Civil Liberties

Targeted Surveillance? NSA Says It Can't Distinguish American Emails From Foreign Missives.


How carefully targeted is National Security Agency (NSA) surveillance of email and other electronic communications? According to an internal NSA memo, "it is not possible to determine what communications are to or from U.S. persons nearly as readily as is the case with telephony, and often is not possible at all."

The revelation comes in documents pried from the governments' sticky fingers by the American Civil Liberties Union in the course of its efforts to plumb the parameters of Executive Order 12333, a secretive directive that lies behind much of the federal government's electronic surveillance. The executive order is intended to authorize efforts against foreign actors but, as the memo reveals, the snoopers are pretty much reduced to gathering everthing up and then separating out the material on which they're not supposed to be spying after the fact.

But there may be some problems with asking snoops to respect your privacy after they've gathered your communications. For one thing, they have a record of not doing that. An internal NSA legal memo also collected by the ACLU frets that signals intelligence personnel are engaged in the unauthorized "sharing of voice cuts and/or similar material compiled in the course of SIGINT collection with other SIGINT personnel." The memo goes on to suggest that the Inspector General "assess whether the SIGINT personnel involved were spending their work time engaged in non-productive activity."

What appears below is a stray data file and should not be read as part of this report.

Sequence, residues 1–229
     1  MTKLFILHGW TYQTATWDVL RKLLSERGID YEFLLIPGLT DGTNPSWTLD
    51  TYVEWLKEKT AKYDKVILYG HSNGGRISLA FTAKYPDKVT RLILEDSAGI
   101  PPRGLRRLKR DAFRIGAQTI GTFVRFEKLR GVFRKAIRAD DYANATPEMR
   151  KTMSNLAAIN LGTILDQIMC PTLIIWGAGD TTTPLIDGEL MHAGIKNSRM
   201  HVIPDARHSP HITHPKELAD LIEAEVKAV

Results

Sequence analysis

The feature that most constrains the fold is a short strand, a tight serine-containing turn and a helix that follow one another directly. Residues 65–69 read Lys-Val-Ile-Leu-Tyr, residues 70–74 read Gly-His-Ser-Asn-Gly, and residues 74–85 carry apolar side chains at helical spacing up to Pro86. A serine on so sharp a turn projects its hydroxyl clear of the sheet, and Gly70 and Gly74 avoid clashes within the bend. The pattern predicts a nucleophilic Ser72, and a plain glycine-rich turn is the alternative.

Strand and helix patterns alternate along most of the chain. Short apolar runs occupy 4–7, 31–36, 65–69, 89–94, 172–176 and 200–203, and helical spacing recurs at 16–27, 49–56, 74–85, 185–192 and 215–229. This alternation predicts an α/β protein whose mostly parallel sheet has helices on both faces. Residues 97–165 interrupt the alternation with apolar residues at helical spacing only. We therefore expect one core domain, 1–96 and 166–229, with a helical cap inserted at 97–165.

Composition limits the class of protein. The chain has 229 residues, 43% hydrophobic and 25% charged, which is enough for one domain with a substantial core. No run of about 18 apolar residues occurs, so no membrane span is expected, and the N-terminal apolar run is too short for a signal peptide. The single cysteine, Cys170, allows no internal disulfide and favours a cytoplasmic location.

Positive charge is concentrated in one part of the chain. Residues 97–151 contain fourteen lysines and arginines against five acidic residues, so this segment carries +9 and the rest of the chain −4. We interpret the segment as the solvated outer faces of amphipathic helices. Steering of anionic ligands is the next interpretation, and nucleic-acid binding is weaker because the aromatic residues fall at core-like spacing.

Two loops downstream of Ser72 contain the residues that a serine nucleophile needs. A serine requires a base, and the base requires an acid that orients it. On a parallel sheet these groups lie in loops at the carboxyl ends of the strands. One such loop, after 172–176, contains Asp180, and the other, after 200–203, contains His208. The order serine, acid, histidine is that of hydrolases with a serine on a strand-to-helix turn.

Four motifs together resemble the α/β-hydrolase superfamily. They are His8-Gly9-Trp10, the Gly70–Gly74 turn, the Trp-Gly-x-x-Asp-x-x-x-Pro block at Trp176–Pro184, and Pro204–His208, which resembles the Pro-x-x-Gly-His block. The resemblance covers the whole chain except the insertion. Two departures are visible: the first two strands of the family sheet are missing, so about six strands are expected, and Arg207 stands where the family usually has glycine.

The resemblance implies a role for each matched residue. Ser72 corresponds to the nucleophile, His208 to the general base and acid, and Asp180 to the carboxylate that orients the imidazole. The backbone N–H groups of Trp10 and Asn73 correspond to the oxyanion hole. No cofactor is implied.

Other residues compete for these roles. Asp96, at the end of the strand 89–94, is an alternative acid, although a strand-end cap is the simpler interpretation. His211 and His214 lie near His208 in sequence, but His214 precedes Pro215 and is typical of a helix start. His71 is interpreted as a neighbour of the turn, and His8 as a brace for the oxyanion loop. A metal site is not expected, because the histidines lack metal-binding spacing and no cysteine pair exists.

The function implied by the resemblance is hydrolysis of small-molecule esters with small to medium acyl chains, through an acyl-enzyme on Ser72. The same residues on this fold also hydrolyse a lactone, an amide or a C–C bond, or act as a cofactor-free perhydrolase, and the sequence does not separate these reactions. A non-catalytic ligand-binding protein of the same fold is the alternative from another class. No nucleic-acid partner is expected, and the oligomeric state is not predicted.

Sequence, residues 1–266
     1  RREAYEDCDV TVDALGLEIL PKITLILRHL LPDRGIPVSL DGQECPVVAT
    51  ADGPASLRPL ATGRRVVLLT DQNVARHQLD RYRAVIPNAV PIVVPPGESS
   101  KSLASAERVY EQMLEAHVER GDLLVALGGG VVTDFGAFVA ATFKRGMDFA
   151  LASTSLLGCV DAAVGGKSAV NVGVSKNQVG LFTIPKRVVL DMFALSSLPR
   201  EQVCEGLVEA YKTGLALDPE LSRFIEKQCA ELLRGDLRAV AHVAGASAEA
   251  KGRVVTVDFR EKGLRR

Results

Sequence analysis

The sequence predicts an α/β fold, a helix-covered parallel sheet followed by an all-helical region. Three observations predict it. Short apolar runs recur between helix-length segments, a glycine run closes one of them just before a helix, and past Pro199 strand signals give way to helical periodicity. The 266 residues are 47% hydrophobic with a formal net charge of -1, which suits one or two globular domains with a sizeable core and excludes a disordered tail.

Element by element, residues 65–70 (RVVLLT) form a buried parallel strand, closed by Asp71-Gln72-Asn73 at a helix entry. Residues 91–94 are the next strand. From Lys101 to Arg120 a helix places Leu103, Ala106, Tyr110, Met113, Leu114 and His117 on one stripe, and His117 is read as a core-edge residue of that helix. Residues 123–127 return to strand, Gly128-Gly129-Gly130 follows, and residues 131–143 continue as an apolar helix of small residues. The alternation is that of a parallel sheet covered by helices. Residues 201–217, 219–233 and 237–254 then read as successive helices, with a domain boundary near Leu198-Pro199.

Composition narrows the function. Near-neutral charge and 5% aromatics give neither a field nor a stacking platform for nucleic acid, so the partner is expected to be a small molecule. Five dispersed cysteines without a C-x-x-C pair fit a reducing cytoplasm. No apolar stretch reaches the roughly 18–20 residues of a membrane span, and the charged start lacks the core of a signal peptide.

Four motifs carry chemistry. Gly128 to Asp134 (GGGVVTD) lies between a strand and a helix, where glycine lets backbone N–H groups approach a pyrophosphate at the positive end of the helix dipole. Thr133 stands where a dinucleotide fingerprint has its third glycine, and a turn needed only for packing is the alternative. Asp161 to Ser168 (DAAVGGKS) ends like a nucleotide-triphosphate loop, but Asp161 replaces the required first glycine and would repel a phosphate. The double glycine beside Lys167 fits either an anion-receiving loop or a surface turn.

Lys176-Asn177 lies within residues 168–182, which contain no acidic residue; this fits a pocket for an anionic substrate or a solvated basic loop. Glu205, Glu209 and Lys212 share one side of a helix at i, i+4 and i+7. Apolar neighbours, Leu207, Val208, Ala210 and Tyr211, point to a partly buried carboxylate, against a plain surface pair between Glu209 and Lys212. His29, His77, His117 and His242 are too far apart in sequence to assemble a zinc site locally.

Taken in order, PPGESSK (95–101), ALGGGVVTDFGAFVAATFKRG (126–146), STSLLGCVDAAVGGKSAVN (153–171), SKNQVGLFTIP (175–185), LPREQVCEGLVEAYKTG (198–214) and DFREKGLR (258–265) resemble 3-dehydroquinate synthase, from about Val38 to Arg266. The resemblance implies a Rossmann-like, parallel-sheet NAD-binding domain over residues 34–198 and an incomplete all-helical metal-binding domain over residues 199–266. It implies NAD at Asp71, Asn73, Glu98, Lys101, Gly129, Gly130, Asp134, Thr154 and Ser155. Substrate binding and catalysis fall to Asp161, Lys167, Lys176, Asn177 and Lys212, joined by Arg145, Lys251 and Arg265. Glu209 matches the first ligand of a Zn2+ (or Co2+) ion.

The ACLU's Ashley Gorski points out that this almost certainly refers to the sharing of sexy best-of out-takes, as alleged in 2008 by a former NSA military intercept operator.

So when Director of National Intelligence James Clapper initially denied that government snoops were scooping up Americans' data, then described that answer as "the least untruthful" response he could give to questioning before finally conceding that his words were "clearly erroneous," he wasn't just blowing hot air. In the age of nude selfies, smartphone sex videos, and erotic texts, he was probably loath to lose out on some fine entertainment.